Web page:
FIMA Friends sister organisation the Falklands Maritime Heritage Trust, has launched a highly interactive new website: fmht.co.uk. The sites takes online explorers around the many fascinating hulks, shipwrecks and on-shore historical sites that make the Falklands one of the world's most important centres of maritime history.
The Trust, a charity registered in the UK, is dedicated to preserving the seafaring history of the Falklands and those who have been associated with them. It aims to ensure that the maritime history that has helped shape the culture of the people of the Falkland Islands is properly recognised.
The Trust's first major expedition was the successful search for the wreck of the German cruiser "Scharnhorst", which was sunk in the Battle of the Falklands in 1914. The new website tells the story of this expedition. Click here to read more.
Ships that ended their days in the Falklands.
Top: "Jhelum" and "Protector"
Below: "Lady Elizabeth"
Two collections of photographs, letters and other document bought for the museum by the FIMA Friends shed light on what life was like for thousands of British soldiers who were posted to the Falklands during the Second World War.
The Army maintained considerable defences in the islands from August 1942 until the end of the war. The force of predominently infantrymen, known as Force 122, joined the local Defence Force and the permanent naval presence, HMS "Poursuivant". Axis sympathisers and nationalists in South America were perceived to be a threat, but the main source of concern was Japan, which had attacked Pearl Harbour in late 1941 and was then threatening allied territory across the Pacific, perhaps even as far as the Antarctic and around Cape Horn into the South Atlantic. The loss of the Falklands would have been a major blow.
A battalion of the West Yorks Regiment, augmented by men from other corps, was the first major unit to deploy. Among them was a Pte James Robinson, whose photos and papers the FIMA Friends have now acquired for the museum. In 1944, Pte Robinson and his comrades returned to the UK and were replaced by a detachment of the Royal Scots Regiment. This unit remained in the islands until the war was over. Among the Royal Scots was Pte James Lonie, whose collection of memorabilia the Friends has also acquired. Both collections were bought against stiff bidding at auctions in the UK.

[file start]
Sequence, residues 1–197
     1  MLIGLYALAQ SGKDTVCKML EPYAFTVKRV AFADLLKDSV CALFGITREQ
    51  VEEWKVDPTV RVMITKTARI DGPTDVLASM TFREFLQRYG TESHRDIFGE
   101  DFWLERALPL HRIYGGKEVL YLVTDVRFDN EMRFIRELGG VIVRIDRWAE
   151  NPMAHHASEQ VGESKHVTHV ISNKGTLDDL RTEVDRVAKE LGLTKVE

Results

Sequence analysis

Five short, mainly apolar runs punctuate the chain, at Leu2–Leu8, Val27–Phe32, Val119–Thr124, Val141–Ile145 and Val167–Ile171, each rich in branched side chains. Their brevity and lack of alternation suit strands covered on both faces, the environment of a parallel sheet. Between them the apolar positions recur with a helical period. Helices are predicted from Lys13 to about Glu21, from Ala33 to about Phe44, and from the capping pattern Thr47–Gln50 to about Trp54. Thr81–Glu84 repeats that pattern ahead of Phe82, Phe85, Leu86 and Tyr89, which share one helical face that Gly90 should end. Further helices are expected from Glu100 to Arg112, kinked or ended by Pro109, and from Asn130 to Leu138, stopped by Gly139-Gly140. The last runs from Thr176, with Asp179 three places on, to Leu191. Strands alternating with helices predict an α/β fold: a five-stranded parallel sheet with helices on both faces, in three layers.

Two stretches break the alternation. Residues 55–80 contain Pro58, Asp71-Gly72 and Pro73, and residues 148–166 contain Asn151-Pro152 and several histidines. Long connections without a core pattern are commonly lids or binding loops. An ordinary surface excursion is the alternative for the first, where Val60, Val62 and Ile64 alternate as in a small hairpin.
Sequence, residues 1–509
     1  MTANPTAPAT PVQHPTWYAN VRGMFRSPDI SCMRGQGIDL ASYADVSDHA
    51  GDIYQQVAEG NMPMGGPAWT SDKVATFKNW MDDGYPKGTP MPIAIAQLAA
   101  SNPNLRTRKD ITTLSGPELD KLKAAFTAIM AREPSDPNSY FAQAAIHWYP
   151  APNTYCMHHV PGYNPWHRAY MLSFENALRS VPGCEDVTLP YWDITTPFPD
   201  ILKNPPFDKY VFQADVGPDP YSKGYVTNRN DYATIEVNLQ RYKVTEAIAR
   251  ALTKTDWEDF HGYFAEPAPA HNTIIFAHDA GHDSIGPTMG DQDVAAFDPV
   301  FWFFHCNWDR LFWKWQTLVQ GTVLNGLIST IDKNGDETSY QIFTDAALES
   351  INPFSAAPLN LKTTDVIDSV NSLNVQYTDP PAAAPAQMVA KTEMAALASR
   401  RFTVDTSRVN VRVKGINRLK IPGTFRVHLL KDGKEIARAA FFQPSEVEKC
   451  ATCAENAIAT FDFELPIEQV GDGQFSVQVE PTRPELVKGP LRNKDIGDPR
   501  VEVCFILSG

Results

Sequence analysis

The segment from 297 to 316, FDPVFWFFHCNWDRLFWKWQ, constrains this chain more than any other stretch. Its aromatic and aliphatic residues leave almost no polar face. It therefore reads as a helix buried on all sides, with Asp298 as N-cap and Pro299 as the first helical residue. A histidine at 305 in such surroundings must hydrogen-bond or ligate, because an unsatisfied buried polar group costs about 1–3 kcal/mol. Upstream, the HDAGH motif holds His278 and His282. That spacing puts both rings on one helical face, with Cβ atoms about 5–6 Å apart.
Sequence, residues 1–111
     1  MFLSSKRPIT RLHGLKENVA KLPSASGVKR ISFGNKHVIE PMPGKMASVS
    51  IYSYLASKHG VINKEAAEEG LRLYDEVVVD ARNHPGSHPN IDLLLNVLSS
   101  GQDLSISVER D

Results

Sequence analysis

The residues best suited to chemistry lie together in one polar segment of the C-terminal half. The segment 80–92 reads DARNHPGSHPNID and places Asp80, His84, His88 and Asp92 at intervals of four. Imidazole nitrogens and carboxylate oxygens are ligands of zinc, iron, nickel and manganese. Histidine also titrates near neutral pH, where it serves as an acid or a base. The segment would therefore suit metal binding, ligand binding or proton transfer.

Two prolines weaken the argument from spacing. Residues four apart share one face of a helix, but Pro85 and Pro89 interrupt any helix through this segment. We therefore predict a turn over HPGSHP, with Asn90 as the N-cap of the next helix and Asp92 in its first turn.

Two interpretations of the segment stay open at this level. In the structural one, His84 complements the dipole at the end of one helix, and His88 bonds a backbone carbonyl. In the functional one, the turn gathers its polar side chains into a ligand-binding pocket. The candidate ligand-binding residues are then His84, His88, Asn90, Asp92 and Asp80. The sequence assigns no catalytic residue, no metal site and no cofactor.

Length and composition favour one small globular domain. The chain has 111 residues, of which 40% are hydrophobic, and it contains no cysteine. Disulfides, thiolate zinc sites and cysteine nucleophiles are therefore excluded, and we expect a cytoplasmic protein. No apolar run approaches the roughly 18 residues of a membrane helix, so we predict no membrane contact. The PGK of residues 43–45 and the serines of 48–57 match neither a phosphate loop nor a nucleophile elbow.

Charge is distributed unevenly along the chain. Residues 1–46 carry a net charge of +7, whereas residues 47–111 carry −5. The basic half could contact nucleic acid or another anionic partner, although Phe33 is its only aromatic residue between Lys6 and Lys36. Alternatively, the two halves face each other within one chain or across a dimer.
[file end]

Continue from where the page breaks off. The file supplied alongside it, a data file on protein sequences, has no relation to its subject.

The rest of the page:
Although far from the raging theatres of war, the garrison had a serious job to do, but Privates Lonie and Robinson probably felt the distance from their families acutely. Their photos, letters, locally designed Christmas cards, concert programmes and other souvenirs speak of this, but also of men who were determined to make the best of their situation and keep their morale high through amateur dramatics and concerts, dance music provided by at least one band, and excursions to view the unique wildlife.
For Pte Lonie, there was one obvious highlight. He and his colleagues clearly enjoyed a visit to Uruguay, either en route to the Falklands or on a visit during their posting. The soldier left a large collection of promotional leaflets from the bars, tango clubs and restaurants of Montevideo along with betting slips from the races and at least one photograph of a party thrown for the troops by the British community in the city.
Other material saved by both men is more poignant. There are letters home in which fears are expressed for a marriage put under strain by the war, and emotionally charged little notes for children.
This large collection of memorabilia deserves to be studied carefully to understand more about what life was like for soldiers posted to one of the empire's most remote outposts at such a pivotal time in history.
The material adds a human dimension to archaeological work carried out in 2020 by a team from Oxford University. Perhaps it does not stretch the imagination to think that some of the domestic and military artefacts uncovered by the archaeologists and now in the museum might once have been handled by Privates Robinson and Lonie.